Yet surrounding Trump are those who are far keener. The leading hawk for whom war on Iran is a long-held dream is John Bolton, his National Security Adviser. Aside from reportedly disliking his moustache, the President has always been nervous that Bolton could land him in a war he did not seek. Bolton may be trying right now to chart that course. Democrat politicians are wary. Senator Chris Murphy slams the policy. "There is no endgame. No overriding strategy. No way out. It's just escalation for the sake of escalation." 

Whilst there is also plenty of stick to be brandished about, one wonders if the US will also dangle a few carrots. History shows that external pressure on Iran typically plays into the hands of the hardliners. If the US were to define clearly what the carrots might be, this could help those in Iran who want to plot an alternative course.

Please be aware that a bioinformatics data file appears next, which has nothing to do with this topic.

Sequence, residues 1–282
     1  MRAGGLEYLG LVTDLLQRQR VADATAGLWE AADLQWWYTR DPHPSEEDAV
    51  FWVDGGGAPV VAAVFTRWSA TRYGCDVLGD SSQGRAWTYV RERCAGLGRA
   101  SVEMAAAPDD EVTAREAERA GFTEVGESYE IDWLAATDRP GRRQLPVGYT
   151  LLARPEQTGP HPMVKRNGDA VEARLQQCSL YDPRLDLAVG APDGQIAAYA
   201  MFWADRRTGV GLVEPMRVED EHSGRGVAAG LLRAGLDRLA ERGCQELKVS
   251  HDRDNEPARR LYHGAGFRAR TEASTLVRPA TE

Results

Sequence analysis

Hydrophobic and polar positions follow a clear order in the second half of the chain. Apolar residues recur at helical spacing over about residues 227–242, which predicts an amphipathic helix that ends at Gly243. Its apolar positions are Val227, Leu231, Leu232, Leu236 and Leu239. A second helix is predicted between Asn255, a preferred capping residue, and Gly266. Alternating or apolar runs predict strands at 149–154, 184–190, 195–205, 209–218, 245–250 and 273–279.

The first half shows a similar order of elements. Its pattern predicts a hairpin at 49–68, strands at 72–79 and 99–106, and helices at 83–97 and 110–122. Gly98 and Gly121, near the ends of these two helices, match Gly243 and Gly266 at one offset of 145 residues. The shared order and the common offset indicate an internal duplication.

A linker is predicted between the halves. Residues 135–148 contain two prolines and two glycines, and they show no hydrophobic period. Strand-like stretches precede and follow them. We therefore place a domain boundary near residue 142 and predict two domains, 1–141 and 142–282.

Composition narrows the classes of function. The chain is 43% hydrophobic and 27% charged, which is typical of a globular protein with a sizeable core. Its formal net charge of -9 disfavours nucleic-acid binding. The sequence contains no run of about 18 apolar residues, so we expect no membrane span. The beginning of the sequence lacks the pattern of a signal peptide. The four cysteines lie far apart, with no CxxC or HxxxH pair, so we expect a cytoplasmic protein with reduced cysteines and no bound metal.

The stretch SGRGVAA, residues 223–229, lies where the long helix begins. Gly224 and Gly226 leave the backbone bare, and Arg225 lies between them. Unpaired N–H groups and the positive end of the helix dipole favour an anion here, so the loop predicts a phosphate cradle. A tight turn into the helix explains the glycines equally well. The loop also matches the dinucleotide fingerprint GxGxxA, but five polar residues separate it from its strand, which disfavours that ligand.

Perhaps the most likely scenario remains a war by accident. There are no shortage of potential flash-points across the region including Lebanon, Syria, Iraq and Yemen as well as the Straits of Hormuz. Tensions are high and military assets are on the ready. De-escalation mechanisms are minimal, without even a Washington-Tehran hotline. The chances are this may not be the moment for the US-Iran conflict that seems so likely at some point. If it is, it will rewrite the course of the region just as 2003 did.  

Disclaimer: Views expressed by writers in this section are their own and do not necessarily reflect the views of 7Dnews.